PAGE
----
- Associated Press - Thursday, February 23, 2017

PIERRE, S.D. (AP) - Some nonprofit advocacy groups that contribute to South Dakota ballot measure campaigns should be required to disclose their top donors, state House lawmakers voted Thursday.

The chamber voted 42-25 to send the bill to the Senate. It would require the disclosure of the 50 largest contributors to nonprofit groups, including labor organizations, business leagues and social welfare organizations, that give $25,000 or more in a year to a South Dakota ballot measure committee.

House Speaker Mark Mickelson, the bill’s main sponsor, said the quality of an idea and how much importance to place on the message has a lot to do with who is saying it. Republican Gov. Dennis Daugaard supports the measure, which comes after an election season with 10 ballot questions that brought millions of dollars from out-of-state groups pouring into South Dakota campaigns.

“There is no prohibition. There is no chilling of free speech,” Mickelson said of the bill. “It says, ‘Would you mind giving the recipients of your message a little bit of an idea of who you are so that we can help understand how closely allied your interests are with ours?’”

The measure would also impose the requirement on advocacy groups that spend over $25,000 on independent expenditures within a year. But the bill’s disclosure provisions wouldn’t apply to 501(c)(3) charities, for-profit businesses and contributors who give less than $5,000.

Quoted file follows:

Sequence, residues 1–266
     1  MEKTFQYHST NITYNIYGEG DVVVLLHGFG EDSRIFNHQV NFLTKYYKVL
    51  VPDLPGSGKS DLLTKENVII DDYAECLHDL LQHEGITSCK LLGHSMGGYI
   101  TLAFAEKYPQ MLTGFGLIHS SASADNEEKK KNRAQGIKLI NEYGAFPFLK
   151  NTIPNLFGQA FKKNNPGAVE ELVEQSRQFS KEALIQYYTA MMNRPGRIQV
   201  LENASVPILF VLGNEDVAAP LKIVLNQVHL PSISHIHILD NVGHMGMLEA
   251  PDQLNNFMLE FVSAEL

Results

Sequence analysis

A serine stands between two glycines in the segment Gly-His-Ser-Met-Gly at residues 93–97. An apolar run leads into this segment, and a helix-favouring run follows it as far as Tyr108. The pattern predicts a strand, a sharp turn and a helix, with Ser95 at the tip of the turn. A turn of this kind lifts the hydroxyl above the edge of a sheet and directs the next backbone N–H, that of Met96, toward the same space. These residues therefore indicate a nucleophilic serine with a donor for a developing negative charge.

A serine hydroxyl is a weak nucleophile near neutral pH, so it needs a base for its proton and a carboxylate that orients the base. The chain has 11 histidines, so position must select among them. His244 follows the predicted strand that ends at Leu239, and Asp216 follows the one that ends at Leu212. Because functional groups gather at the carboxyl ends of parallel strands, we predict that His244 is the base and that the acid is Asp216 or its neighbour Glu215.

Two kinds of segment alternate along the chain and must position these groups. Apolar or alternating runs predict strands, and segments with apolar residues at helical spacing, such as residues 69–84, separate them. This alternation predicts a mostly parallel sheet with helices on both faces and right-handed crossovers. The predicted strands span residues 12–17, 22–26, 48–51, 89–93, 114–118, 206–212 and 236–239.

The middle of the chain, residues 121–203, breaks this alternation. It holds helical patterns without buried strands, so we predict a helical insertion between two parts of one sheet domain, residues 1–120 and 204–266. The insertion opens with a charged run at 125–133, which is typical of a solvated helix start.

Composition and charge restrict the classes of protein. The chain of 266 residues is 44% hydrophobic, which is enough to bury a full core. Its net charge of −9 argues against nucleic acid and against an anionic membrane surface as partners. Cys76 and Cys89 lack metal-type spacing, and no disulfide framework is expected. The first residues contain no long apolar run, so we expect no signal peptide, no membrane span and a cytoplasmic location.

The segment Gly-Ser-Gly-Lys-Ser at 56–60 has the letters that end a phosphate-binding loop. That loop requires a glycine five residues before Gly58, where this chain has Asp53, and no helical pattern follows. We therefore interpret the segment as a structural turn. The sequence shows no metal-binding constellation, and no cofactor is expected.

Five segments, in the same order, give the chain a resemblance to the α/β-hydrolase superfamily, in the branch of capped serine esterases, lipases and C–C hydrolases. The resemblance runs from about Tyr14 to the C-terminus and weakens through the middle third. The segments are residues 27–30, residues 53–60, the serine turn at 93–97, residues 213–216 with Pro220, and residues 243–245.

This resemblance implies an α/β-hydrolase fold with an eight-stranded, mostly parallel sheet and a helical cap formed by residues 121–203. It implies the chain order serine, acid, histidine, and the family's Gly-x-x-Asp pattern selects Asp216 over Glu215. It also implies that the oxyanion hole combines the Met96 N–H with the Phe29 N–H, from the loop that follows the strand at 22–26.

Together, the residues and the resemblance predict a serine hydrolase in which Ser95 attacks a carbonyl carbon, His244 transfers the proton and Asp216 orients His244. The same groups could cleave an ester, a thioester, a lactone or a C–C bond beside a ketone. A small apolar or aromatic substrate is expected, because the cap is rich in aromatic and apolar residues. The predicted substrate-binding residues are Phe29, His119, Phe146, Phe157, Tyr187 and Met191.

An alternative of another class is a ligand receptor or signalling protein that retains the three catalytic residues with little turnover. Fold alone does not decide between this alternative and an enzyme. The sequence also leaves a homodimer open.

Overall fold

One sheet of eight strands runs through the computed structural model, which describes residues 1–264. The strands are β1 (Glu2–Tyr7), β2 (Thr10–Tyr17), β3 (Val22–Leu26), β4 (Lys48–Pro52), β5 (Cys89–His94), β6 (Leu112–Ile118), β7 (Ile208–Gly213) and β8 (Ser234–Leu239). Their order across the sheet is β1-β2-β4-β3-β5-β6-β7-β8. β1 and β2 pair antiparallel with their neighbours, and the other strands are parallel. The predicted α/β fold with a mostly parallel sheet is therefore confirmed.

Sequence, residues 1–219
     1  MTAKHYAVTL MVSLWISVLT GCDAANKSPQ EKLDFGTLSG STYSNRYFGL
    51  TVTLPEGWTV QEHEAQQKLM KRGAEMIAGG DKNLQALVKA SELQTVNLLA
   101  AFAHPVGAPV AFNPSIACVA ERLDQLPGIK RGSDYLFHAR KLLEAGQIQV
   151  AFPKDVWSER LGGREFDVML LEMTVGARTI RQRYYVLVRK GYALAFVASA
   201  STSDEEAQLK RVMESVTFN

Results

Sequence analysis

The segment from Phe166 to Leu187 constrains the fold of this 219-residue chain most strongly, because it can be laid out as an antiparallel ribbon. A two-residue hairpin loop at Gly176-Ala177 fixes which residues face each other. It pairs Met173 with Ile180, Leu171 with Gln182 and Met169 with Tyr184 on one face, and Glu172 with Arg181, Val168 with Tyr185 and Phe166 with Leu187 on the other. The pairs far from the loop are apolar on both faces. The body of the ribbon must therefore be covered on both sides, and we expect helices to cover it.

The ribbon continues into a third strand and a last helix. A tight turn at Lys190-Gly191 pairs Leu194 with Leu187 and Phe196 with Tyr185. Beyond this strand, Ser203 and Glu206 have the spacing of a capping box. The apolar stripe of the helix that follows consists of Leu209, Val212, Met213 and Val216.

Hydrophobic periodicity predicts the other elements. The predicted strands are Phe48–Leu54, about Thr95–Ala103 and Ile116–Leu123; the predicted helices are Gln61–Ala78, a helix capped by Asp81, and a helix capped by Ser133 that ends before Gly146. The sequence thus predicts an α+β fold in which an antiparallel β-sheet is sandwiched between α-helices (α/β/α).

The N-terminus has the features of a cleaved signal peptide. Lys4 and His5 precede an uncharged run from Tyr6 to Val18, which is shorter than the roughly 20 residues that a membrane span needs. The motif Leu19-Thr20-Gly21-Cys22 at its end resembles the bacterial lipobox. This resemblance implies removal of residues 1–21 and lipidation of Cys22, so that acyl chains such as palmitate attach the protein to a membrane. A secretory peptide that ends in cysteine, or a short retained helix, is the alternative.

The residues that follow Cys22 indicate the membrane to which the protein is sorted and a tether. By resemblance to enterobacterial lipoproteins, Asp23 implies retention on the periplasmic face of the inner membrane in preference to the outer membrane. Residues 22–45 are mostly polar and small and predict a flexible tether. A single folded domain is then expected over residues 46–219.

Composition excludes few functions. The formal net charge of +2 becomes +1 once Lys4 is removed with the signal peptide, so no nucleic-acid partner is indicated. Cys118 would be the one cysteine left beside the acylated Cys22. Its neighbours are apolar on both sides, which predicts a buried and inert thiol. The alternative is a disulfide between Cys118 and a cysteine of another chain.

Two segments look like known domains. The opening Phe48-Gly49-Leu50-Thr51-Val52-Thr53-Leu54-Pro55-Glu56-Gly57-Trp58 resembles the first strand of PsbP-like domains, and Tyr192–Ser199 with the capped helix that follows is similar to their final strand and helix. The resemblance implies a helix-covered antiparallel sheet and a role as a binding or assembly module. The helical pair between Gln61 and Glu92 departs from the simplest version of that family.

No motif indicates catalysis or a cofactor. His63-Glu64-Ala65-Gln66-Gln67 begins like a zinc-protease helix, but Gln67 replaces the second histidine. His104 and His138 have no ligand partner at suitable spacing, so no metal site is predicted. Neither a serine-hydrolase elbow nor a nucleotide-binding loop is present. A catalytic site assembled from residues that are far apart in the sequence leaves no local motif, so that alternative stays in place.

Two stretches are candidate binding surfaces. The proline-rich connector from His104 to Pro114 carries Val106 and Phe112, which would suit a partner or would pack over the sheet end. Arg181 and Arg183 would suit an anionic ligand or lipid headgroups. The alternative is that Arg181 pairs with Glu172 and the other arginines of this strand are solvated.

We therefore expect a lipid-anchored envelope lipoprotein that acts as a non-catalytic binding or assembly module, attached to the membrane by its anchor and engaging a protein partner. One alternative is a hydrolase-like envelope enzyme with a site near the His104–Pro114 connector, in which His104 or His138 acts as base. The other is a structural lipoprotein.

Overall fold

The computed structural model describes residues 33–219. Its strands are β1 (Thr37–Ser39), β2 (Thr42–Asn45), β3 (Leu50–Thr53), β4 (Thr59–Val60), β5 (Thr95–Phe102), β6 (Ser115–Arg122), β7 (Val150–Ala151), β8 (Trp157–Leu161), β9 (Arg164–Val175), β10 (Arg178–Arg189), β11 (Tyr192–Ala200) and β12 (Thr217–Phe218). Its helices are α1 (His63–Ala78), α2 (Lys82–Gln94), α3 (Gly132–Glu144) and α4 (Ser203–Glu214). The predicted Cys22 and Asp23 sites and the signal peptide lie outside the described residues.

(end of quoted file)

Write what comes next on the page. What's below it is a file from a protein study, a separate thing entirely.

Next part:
Opponents argue that South Dakota residents have the right to support causes they believe in without fear of harassment and that the bill is an infringement on the First Amendment.

Dale Bartscher of the conservative group Family Heritage Alliance Action said during a committee hearing that the bill should be defeated because free speech is a right of every American.

“Donors to organizations, regardless of their views on public policy matters, should be free to support causes they believe in without the fear of retaliation, harassment or intimidation by some powerful government figures,” Bartscher said.

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